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What is Criminal Justice?
Working in criminal justice can be an unparalleled way to use one’s career to help protect communities and give back. Generally, jobs in both the public and private sector that seek to identify criminals and prosecute them, achieving justice for community members who have been wronged by criminals’ actions, will be considered part of the criminal justice system. General areas that tend to come to mind when criminal justice careers are discussed include working for the law enforcement administration by becoming a police officer, working to help prevent juvenile crime, and working in prisons as correctional officers. Criminal justice professionals can also play an important role in not only bringing criminals to justice but also rehabilitating individuals so that they can learn from past mistakes and become positive, contributing members of society going forward. Indeed, the criminal justice system contains a wide breadth of careers and there is bound to be a career for anyone interested in dedicating their lives to this area.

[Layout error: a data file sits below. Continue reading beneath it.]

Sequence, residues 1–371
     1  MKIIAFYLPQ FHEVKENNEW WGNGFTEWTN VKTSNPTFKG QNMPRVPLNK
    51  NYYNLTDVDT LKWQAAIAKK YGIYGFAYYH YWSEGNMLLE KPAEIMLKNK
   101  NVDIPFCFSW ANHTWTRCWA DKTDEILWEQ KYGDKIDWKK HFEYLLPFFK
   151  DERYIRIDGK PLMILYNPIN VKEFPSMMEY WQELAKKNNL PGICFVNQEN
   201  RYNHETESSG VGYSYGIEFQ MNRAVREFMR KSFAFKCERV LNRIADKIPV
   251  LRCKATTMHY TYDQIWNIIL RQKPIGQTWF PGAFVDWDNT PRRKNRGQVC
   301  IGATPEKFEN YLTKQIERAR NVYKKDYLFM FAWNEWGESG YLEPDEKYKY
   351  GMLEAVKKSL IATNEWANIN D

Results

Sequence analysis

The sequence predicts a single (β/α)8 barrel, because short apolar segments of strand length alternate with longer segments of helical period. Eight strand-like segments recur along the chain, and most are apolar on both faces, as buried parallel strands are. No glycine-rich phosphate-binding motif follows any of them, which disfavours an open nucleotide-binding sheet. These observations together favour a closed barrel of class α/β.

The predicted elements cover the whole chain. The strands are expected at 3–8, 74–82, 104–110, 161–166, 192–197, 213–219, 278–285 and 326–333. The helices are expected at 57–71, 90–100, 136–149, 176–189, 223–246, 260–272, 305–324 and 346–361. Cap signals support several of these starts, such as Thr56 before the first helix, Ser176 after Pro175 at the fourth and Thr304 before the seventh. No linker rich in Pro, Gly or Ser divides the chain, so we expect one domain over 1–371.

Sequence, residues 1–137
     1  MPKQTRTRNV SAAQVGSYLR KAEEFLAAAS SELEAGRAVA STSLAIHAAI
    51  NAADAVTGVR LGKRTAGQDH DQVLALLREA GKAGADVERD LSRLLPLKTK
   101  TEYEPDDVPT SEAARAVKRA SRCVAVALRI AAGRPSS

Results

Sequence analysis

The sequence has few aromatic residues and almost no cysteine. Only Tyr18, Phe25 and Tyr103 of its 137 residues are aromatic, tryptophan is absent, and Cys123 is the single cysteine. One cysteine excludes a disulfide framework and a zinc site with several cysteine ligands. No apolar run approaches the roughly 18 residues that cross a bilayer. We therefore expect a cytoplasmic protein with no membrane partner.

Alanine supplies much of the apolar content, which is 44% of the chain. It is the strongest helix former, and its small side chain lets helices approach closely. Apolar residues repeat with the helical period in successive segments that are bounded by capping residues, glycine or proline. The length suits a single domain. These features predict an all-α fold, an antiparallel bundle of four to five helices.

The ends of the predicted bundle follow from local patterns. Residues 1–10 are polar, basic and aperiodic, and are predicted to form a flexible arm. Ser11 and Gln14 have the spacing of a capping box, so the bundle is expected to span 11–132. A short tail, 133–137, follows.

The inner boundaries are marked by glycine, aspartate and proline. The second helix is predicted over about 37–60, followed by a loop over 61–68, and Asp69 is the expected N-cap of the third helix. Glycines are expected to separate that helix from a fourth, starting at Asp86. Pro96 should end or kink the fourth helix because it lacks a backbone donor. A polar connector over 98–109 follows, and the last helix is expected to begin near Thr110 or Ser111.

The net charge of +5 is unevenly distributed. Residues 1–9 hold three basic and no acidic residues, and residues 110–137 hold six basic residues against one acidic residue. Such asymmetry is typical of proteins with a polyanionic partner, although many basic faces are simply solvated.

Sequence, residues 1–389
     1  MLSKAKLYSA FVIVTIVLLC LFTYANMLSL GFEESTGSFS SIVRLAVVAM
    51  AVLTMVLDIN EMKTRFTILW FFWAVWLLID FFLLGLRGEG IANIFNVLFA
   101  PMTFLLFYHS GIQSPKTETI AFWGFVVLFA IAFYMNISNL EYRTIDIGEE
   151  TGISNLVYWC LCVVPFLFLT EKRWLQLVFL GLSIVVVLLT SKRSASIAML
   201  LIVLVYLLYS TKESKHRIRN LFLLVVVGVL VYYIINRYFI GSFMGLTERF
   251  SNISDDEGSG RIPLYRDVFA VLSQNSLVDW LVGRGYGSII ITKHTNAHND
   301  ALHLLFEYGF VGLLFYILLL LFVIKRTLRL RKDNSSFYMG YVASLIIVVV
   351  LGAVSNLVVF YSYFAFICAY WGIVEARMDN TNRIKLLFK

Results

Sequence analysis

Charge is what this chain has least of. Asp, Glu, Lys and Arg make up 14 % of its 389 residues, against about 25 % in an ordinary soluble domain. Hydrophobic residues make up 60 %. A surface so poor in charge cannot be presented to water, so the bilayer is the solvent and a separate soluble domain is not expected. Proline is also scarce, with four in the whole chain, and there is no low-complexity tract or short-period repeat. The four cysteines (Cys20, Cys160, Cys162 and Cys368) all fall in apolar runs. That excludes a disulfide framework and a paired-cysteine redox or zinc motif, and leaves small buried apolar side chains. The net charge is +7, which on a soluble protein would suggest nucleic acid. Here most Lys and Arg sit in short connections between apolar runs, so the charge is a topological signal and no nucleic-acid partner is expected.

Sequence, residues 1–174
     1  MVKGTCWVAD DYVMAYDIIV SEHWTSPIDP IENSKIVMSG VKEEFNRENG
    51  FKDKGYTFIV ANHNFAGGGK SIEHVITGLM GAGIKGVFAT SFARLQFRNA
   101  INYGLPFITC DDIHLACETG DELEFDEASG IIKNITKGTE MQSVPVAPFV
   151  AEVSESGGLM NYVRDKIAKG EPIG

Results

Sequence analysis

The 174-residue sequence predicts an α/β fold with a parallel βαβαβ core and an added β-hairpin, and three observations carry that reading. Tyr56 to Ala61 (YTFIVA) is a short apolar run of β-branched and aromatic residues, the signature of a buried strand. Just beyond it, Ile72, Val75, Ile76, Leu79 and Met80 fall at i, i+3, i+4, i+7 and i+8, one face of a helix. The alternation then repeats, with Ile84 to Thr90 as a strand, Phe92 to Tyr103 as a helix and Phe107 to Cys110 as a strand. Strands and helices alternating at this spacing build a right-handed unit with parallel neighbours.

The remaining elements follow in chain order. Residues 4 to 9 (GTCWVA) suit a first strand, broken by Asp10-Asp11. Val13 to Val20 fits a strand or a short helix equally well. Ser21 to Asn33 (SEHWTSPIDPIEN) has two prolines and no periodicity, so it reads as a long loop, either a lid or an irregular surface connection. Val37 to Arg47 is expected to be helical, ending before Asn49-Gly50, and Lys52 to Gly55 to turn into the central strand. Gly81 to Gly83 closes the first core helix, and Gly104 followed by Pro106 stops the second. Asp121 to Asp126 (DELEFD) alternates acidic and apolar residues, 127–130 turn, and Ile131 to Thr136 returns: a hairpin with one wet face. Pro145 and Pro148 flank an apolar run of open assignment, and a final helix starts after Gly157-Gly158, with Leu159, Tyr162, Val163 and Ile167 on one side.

Additionally, criminal justice professionals may find regional differences in the types of cases that they must face every day. This is likely since every state’s economy is composed of different leading sectors, which may lead to different types of individuals working in the state and committing different types of crimes. In California, the top business industry is real estate leasing and rental, which brings in an annual revenue of $504 billion and is the largest such industry in all of the United States. In this case, criminal justice professionals may need to deal with cases like violent altercations that were triggered by property line disputes, squatters, rental property defacement, and potentially non-payment of rent or failing to uphold a lease. The second largest industry in California is business and professional services, which brings in nearly $400 billion in revenue each year throughout the state. In this field, criminal justice professionals in California may be faced with large caseloads involving white-collar crime, fraud, workplace discrimination, and sexual harassment. The third-largest industry in California is manufacturing, which has an annual revenue of around $320 billion. In this area, law enforcement may need to be trained to deal with issues like the lack of safety measures in place in manufacturing plants, wage disputes, union disputes, and workplace injury. As such, those who seek to obtain a criminal justice degree in California must be trained in a variety of criminological theories, sociological paradigms, and theoretical studies to be prepared to handle the large mix of potential case types they would face when working in this state.